Given the prevalent use of social media among professionals, small businesses, huge corporations, and everyone in between, it still surprises me that the following 9 social media crimes are continually being committed, and it’s driving me nuts.
The funny part is that all of these crimes totally ignore the fact that social networking is SOCIAL. Communicating on LinkedIn, Facebook, and Twitter is no different than talking to someone in person, on the phone, via text, or through email, it’s just a new platform for doing so.
OK, time to get up on my soapbox. In no particular order, here are the 9 social media crimes you need to avoid making:
1. Sending LinkedIn invitations without personalizing the message
“I would like to add you to my professional network on LinkedIn.” Great, but why? And also, please remind me where we’ve met if we’re not super good buddies. Throw in something you remember me mentioning for extra brownie points. But basically, don’t be so lazy you can’t take 30 seconds to compose a short note to me. It smacks of sloppiness.
2. Sending LinkedIn invitations to total strangers
If I had a dollar for every invitation I’ve received from complete and total strangers (who also ALWAYS commit Crime #1), I could go to a very nice restaurant for dinner tonight. Doing this is akin to walking up to someone on the street who you’ve never met and asking them to be your friend. It’s weird.
Instead, go through our mutual connections and request an introduction from someone we both know. Or, for pete’s sake, take 30 seconds to write me a personal note and explain why you want to be connected with me.
When I get one of these invites, I reply very nicely with something like this: “I am so sorry, but your name doesn’t ring a bell. Have we met?” Then I go scream into a pillow.
3. Using Twitter like it’s a megaphone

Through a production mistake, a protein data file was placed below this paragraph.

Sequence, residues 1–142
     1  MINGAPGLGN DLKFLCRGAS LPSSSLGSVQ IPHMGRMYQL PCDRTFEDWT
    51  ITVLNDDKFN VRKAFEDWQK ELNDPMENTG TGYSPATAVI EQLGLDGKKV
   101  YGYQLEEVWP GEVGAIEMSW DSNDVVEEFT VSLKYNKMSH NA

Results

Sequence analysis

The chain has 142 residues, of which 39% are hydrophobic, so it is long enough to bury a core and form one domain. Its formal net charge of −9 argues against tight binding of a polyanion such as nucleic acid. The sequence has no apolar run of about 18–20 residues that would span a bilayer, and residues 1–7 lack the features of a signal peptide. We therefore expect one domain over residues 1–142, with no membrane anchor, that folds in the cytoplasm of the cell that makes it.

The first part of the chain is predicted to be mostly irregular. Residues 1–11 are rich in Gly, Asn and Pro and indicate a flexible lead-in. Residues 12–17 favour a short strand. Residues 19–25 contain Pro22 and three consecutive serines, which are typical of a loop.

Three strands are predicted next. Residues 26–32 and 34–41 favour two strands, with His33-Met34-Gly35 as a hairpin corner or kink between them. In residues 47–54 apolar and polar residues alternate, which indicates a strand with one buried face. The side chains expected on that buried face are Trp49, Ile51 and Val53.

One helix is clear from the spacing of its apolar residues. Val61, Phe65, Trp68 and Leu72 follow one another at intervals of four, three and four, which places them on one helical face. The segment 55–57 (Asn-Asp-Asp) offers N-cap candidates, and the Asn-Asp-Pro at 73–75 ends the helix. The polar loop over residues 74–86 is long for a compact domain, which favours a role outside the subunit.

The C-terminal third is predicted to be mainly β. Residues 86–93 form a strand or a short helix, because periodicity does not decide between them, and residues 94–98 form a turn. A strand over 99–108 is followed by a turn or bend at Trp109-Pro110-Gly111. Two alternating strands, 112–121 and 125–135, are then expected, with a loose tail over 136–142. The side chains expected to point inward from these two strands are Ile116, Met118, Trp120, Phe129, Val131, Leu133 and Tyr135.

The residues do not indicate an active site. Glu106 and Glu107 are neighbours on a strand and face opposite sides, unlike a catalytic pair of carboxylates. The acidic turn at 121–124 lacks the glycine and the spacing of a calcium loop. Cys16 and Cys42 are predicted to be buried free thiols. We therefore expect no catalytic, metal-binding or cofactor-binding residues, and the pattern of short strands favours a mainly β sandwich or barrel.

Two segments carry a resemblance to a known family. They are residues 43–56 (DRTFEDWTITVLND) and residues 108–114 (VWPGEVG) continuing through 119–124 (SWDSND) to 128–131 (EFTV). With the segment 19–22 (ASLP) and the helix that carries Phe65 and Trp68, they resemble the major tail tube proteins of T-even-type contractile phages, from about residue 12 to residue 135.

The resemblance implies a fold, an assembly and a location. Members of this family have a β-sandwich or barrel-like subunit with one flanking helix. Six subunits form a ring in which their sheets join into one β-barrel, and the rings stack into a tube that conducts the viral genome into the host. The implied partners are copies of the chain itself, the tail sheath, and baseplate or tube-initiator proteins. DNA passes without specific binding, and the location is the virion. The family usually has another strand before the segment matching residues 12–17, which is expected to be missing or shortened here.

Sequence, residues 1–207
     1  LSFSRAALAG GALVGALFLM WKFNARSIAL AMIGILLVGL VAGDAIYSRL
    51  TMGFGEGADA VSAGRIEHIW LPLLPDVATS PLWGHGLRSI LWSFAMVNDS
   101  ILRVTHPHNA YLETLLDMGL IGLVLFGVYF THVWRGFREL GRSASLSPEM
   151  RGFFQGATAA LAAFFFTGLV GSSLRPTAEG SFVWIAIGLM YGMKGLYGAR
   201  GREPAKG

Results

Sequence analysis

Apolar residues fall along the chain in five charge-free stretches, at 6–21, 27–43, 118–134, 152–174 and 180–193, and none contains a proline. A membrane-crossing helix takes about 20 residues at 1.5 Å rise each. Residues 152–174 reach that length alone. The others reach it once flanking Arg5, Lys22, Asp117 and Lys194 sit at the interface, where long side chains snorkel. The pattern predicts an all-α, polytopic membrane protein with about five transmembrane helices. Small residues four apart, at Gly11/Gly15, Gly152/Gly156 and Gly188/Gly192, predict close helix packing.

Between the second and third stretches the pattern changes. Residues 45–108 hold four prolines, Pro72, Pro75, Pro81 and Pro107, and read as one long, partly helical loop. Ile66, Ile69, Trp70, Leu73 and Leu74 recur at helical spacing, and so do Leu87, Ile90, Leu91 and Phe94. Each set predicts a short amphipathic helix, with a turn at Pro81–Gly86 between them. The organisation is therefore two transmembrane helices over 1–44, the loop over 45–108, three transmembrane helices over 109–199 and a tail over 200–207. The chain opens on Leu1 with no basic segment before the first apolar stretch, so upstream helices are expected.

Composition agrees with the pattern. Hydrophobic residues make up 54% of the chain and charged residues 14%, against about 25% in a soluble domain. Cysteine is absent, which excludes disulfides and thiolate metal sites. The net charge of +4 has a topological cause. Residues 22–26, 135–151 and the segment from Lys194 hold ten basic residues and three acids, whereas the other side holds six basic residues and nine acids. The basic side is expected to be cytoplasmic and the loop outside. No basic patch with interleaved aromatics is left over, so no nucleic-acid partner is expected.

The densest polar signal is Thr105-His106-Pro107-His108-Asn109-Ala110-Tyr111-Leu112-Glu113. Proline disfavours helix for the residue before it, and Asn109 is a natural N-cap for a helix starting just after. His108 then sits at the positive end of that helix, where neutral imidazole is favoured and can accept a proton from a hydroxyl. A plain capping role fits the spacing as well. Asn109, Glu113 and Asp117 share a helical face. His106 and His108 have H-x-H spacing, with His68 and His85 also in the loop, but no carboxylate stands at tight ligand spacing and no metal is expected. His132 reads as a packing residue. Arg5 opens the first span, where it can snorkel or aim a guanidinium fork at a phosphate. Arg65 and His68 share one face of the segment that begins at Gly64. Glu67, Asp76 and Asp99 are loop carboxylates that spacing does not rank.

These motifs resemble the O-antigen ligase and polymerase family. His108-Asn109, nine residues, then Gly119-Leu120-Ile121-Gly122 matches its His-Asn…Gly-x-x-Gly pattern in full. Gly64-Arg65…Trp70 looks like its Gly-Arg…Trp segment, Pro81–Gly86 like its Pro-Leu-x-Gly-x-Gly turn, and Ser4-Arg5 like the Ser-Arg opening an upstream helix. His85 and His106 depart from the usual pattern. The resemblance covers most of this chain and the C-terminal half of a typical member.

By now, I can spot the Twitter spammers: they’re the ones who have 10,000 followers and 3 tweets. But when I get a notification that someone is now following me on Twitter, I generally check out their feed to see what they’re tweeting, if they’re retweeting, if they’re mentioning other people and companies in their tweets, and if they’re having conversations with others.
If you are not doing any of this and just using Twitter like a megaphone to push out your own content and tweet your own ideas, I have zero interest in following you back.
4. Locking your Twitter account
Will someone please explain to me why it’s OK to restrict your Twitter account so only select people can see it? Doesn’t that defeat the purpose of Twitter? A few times a week, I get followed by people with locked Twitter accounts. I have to then ask their permission to follow them back. Not very social, is it? Why don’t they just hang up a velvet rope around their account and hire a big burly bouncer while they’re at it?
5. Not sharing photos or videos on Facebook
Facebook is a very visual medium. If all you do is update your status with text, you are boring, and by extension, so are your brand and company and products and services. I like fun people and companies, as I am sure you do too. I don’t want to work with boring people, and if I think you’re boring, I won’t work with you.
6. Friending strangers
Just as sending an invitation to total strangers to connect on LinkedIn is not cool, same over at Facebook. It’s very stalker-ish behavior.
7. Using Facebook Groups as a sales platform
Do not start a group on Facebook and then use it as a sales platform. As Amanda pointed out, the person who started the group is usually the only one contributing, which means the posts are one-sided, uninteresting, desperate and usually pushy. It’s a social media tactic for those who are used car salesmen at heart.
8. Trying to connect with everyone everywhere
Repeatedly sending invitations to connect on multiple social networks – including ones that no one has heard of – will cause people to avoid you like the plague. Social networks are only beneficial when widely adopted, and if I am already using LinkedIn, Facebook, Twitter and Google+, why would I spend time and energy on a new, unproven network? I am going to focus my attention on my existing networks and ignore EFactor, Referral Key, and FastPitch.
9. Sharing is not always caring
Amazing as it sounds, some people don’t seem to understand that no one cares what you had for lunch or what errands you ran this evening. This is not newsworthy unless it is somehow tied to a major company success or failure, encountered a news item in the making, made an embarrassing mistake, or ran into a celebrity.